In this legendary Gershwin opera set among the black residents of a fishing village in 1912 South Carolina, Bess - a woman with a disreputable history - tries to break free from her brutish... See full summary »
Sammy Davis Jr.
Set on a fictitious island in the Carribean during colonial British rule, it focuses on the life of a young charismatic and handsome black male with political aspirations. He finds himself ... See full summary »
Dan Ballard, a respected citizen in the western town of Silver Lode, has his wedding interrupted by four men led by Ned McCarthy, an old acquaintance who, as a US Marshal, arrests Ballard ... See full summary »
This biography of Dorothy Dandridge follows her career through early days on the club circuit with her sister to her turn in movies, including becoming the first black actress to win a Best... See full summary »
Klaus Maria Brandauer
At Maria Vargas' funeral, several people recall who she was and the impact she had on them. Harry Dawes was a not very successful writer/director when he and movie producer Kirk Edwards ... See full summary »
Joseph L. Mankiewicz
Mexican workers at a Zinc mine call a general strike. It is only through the solidarity of the workers, and importantly the indomitable resolve of their wives, mothers and daughters, that they eventually triumph.
This was the first movie produced in Israel. It deals with the outbreak of hostilities during the war for independence in 1947. The message of this film was the sadness and stupidity of ... See full summary »
At an all-black army camp, civilian parachute maker and "hot bundle" Carmen Jones is desired by many of the men. Naturally, she wants Joe, who's engaged to sweet Cindy Lou and about to go into pilot training for the Korean War. Going after him, she succeeds only in getting him into the stockade. While she awaits his release, trouble approaches for both of them. Songs from the Bizet opera with modernized lyrics. Written by
Rod Crawford <firstname.lastname@example.org>
The singing voices of Harry Belafonte and Dorothy Dandridge were dubbed by LeVern Hutcherson and Marilyn Horne respectively, even though Belafonte and Dandridge were both accomplished singers. However, neither had the training nor the range to sing operatic roles.Katherine E. Hilgenberg, a soloist with the Roger Wagner Chorale (morphed later into the Los Angeles Master Chorale), was originally signed to sing the Carmen role, and a number of the arias were already recorded (with piano, on a separate track), when director Otto Preminger's bullying behavior became too much for her and she quit. Horne ("Jackie") was a 19-year-old music student at nearby USC. She auditioned for the part and was immediately hired - for $300. But it was a terrific break for her, and she grabbed it, and did an outstanding job, re-recording what Hilgenberg had already sung, plus the balance of the music. It's also fun to note that Horne was a singer for Tops Records, a company that made sound-alike recordings of hit records with identical arrangements (in those days arrangements could not be copyrighted) and "stand-ins" who could mimic the artists who made the hit record. Jackie Horne, later to become a major 20th-century opera star, was funding her college expenses, in part, by recording Kay Starr's hits. Starr was famous for belting out her songs with a certain razzmatazz style, and Horne's rendition was a dead-ringer. The Tops Records offices, it should be noted, were within walking distance from the USC campus. See more »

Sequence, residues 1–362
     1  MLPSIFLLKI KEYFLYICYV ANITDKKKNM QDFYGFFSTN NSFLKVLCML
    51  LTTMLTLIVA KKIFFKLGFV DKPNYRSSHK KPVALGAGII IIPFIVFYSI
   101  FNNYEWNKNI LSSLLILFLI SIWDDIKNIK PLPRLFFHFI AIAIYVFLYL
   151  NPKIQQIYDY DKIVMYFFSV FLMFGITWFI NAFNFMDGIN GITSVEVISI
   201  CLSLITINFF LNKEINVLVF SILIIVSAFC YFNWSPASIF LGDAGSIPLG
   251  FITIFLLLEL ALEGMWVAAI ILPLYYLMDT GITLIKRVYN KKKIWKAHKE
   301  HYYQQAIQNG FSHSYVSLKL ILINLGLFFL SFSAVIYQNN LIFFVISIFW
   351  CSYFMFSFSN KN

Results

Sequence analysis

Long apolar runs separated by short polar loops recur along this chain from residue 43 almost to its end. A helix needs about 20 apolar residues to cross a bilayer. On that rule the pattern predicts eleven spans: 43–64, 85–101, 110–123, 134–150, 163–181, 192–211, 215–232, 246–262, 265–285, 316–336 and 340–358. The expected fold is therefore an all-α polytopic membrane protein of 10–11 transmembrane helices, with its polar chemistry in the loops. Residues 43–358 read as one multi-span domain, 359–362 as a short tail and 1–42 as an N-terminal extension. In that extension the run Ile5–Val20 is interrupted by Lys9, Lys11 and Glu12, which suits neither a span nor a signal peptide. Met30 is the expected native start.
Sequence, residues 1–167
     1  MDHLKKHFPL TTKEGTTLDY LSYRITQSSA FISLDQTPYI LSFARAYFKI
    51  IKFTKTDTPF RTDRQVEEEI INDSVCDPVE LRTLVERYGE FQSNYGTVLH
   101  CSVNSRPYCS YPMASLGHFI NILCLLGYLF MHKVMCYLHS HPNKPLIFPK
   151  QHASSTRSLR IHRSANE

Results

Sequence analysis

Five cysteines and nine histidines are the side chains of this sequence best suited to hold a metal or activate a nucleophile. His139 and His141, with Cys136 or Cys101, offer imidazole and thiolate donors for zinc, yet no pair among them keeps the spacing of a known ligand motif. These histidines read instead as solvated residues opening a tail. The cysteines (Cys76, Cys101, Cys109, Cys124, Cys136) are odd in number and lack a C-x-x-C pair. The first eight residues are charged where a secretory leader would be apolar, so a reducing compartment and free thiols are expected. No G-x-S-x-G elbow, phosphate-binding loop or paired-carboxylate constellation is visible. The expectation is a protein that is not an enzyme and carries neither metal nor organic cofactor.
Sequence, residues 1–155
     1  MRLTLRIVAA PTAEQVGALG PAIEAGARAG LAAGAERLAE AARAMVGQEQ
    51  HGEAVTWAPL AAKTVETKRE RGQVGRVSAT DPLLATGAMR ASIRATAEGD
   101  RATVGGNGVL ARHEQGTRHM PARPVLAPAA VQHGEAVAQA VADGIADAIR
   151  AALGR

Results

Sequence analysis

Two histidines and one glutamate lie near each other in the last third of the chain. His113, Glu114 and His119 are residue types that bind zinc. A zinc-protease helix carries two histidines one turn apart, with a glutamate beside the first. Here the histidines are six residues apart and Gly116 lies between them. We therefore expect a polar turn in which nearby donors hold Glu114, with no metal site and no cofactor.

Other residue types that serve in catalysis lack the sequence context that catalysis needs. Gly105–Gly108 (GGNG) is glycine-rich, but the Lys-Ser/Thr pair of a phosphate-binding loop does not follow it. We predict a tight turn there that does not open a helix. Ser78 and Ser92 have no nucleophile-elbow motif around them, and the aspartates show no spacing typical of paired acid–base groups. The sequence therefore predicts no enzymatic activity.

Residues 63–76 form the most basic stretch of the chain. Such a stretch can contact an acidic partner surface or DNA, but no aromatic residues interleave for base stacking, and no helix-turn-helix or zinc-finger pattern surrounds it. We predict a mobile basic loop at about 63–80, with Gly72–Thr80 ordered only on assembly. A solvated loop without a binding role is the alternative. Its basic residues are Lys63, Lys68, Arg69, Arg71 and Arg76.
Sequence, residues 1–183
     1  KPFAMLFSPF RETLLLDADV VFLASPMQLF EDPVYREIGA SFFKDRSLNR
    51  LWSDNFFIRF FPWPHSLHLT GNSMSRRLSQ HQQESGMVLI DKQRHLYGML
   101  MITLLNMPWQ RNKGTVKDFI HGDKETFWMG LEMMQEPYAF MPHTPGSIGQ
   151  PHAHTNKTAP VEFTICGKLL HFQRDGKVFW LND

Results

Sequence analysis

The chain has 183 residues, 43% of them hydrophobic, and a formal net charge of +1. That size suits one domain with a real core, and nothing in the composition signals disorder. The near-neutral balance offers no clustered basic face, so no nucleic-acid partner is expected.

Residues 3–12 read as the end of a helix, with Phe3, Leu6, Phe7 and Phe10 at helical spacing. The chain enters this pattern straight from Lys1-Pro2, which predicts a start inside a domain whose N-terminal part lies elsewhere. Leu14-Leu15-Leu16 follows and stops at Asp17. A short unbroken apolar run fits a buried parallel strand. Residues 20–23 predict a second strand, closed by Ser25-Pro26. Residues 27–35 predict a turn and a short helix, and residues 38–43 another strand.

Reflected in a window as Carmen is walking through town. See more »
Somethin' tells me Chicago's gonna be real good for you.
Somethin' tells me you gonna be real bad for Chicago.
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Memorable Melodrama With A Standout Performance By Dorothy Dandridge
This memorable melodrama is an interesting adaptation of the classic "Carmen" story and music with a new setting and new song lyrics. Most of it works quite well, but it is remembered most of all for Dorothy Dandridge's impressive performance as "Carmen Jones".
The basic Carmen story itself is a perceptive and tragic look at the elemental passions and emotions that drive so much of what happens in human relationships. For the story to work most effectively, it takes a Carmen who not only has plenty of energy, but who also can be convincing in dominating all of the other characters. Dandridge excels at both, and she makes it easy to believe that she could get practically anything that she wanted from anyone.
Except for Pearl Bailey, who makes her character lively and entertaining in her own right, most of the rest of the cast is solid but is clearly - as is no doubt meant to be the case - overshadowed by Dandridge and Carmen. One exception, though, is Olga James as Cindy Lou. Although her character is very meek, and has no chance against Carmen, James does a fine job of making her sympathetic without becoming overly weepy or maudlin, and her performance adds some additional depth to the drama of relationships.
Most of the musical numbers work well, and there is good variety in them, as there is also in the settings and the material. The climactic sequence in the arena is nicely crafted, with the prizefight taking place in full view while, hidden from sight, the characters' passions are reaching the boiling point. It caps off an effective and interesting movie.
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